Of the 78 representatives at the meeting, 72 voted for the charter and 6 against. Having the two-thirds majority needed, the bill was accepted. The famous "Uncle Joe" Cannon chaired the meeting. Besides Brick, the following representatives took part in the debate: James R. Mann (Illinois), Finis J. Garrett (Tennessee), John S. Williams (Mississippi) and William P. Hepburn (Iowa). When the clerk read the bill being nothing else but the text of the charter, John S. Williams stood up and said, "Now if I understand this bill all right, it is to grant a Federal Charter to this Federation." "Federal Charter" must have been an incorrect expression because representative Brick corrected it to "A District of Columbia charter." In both the question and the answer the word "charter" was used; therefore, it is clear that the Federation asked for and received a charter. This fact refutes the opinion that the Federation does not have a charter but bases its works on an article of law.

The representatives taking part in the debate had two objections. One of them was why the Federation asked for a congressional charter when it easily could be granted a District of Columbia charter. Congressman Hepburn asked, "Why is there a need for the provisions of the Congress?" Brick stated in his answer that there was no actual need for it. However, because the Federation wanted to work nationwide, to form branches in every state and to lay its work not on business but on charity, on patriotic and cultural activity for its members, it asked for the charter to become an article of law granted by the Congress.

The other objection raised against the proposal was that the members of the Federation were members of a certain minority group. "Is it a wise thing for the Congress," asked Hepburn, " to help the formation of such ethnic institutions? I think that somebody who comes to America comes for becoming an American. I cannot see any grounds to support that, by this incorporation, we should in fact separate the Hungarians, the Germans, the Irish or anybody else. They are welcomed here, but if they come let them become Americans and not stabilize their own national features." Brick's answer was that one of the aims of the Federation was to strengthen the American patriotism of its members, so it wanted to realize the same thoughts as those expressed by Representative Hepburn.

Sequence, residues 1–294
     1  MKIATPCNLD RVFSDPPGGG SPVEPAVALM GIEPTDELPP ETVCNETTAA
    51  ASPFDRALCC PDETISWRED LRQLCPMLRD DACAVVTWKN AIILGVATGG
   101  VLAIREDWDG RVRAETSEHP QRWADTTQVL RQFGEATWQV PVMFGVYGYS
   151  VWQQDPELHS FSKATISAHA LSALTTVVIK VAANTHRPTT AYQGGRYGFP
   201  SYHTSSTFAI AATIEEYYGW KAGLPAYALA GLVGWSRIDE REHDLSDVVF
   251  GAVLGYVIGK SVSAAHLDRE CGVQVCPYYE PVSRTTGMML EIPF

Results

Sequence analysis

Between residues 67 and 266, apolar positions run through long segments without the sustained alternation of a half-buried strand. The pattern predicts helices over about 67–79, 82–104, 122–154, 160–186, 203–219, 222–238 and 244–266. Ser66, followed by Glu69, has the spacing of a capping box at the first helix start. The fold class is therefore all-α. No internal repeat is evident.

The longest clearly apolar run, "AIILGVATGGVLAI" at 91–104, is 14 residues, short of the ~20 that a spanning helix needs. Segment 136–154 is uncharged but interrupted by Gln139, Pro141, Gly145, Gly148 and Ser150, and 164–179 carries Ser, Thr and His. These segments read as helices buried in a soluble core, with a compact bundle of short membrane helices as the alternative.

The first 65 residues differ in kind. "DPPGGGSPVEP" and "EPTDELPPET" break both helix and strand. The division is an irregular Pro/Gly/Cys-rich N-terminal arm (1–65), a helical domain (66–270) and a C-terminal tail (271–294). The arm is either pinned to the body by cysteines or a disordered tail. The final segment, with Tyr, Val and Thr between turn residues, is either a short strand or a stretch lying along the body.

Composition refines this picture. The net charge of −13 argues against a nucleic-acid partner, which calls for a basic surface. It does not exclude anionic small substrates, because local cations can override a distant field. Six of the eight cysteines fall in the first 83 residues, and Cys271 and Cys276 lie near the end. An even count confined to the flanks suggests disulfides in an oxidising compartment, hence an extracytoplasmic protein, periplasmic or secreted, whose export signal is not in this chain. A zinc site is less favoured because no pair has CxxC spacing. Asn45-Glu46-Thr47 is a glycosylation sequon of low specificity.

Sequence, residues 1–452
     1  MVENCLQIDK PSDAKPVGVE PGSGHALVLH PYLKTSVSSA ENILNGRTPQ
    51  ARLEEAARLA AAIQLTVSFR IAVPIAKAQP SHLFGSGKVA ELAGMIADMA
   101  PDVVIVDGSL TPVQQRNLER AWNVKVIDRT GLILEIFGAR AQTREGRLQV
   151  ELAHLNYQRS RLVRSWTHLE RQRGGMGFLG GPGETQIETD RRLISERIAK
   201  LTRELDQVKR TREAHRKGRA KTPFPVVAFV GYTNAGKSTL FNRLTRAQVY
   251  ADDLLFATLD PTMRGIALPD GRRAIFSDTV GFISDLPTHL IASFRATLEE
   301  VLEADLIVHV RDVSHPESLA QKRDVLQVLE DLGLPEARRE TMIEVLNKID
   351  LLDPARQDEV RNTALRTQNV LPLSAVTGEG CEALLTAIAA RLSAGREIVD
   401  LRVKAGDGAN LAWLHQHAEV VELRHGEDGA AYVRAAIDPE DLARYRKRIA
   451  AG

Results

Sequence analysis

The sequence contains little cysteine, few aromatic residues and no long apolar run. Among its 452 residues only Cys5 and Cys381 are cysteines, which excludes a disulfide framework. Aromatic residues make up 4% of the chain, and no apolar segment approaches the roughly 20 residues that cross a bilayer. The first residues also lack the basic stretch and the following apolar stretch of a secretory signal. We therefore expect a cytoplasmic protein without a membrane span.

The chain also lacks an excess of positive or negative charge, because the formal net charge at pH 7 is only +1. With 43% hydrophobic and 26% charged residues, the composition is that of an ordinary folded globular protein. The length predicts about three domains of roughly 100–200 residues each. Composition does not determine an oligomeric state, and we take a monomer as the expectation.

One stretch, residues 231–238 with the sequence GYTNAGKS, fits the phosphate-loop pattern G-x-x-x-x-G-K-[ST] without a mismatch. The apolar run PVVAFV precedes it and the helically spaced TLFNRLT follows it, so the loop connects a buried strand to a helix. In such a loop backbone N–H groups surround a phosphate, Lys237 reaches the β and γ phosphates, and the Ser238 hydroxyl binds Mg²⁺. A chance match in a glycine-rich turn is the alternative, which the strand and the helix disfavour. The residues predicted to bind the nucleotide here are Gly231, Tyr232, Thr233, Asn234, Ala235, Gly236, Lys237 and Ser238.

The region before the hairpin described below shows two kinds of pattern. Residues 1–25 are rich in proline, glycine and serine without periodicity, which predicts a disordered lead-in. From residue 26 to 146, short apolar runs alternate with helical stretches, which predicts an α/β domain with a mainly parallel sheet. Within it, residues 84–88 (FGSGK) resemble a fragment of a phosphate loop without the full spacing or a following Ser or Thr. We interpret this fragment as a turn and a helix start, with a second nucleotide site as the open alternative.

Finis J. Garrett from Tennessee was interested in the financial state of the Federation. Representative Mann made a related remark that by a proposal of Congressman Crumpacker, the Congress was working on limiting the wealth of such societies to one million dollars. The answer was that the Federation was not a business enterprise. The only real estate it would need was a headquarters for its offices. It was also Garrett who mentioned that he thought that the reason for the Federation to ask for a charter was to raise its prestige, its moral weight. "So it is really the PRESTIGE they get from this incorporation that is the main thing." Brick's answer was: "Yes, it is so." The debate ended with this.

The last word was Brick's. When he confirmed his fellow representative's opinion about the moral weight of the charter, he started his concluding speech. This speech is one of the most beautiful declarations that an American public figure has ever spoken about Hungary and the Hungarian nation, and it will be a glory for the Hungarian Reformed Federation of America that these wonderful lines are recorded in the Congressional Record forever.

(Vasvári Ödön: "Hogyan kapta meg egyesületünk 1907-ben a kongresszusi chartert" Református Ujság, 1935. június, pp. 45-46.)

Congressman Brick's speech which influenced Congress to vote for the charter to be given to the Federation

Referring to the racial character of this organization alluded to by the gentleman from Iowa, I want to say this:

They have come to us to better their conditions, and I want to make them feel at home. They are here to swell the stream of our best citizenship, numbering now over a quarter of a million souls. They have come to make this country their permanent dwelling place, to live and abide with us in the truest and most loyal of American sentiment and patriotism.

They inhabit every state and territory of the United States, and everywhere have they entered into the very essence of our national spirit, hope and enterprise; and among other things, this organization is founded upon the lively behest of that desire. Why, Mr. Speaker, I would like to ask the members of the House: Have you read and pondered over the thrilling story of Hungary's heroic struggle, during a thousand years, for just such liberty as we possess?